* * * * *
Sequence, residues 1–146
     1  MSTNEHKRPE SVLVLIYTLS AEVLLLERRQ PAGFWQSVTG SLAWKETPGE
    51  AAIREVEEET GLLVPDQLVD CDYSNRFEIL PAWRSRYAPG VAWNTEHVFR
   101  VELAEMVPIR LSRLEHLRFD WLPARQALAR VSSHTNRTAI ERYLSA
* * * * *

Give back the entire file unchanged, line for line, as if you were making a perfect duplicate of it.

Sequence, residues 1–146
     1  MSTNEHKRPE SVLVLIYTLS AEVLLLERRQ PAGFWQSVTG SLAWKETPGE
    51  AAIREVEEET GLLVPDQLVD CDYSNRFEIL PAWRSRYAPG VAWNTEHVFR
   101  VELAEMVPIR LSRLEHLRFD WLPARQALAR VSSHTNRTAI ERYLSA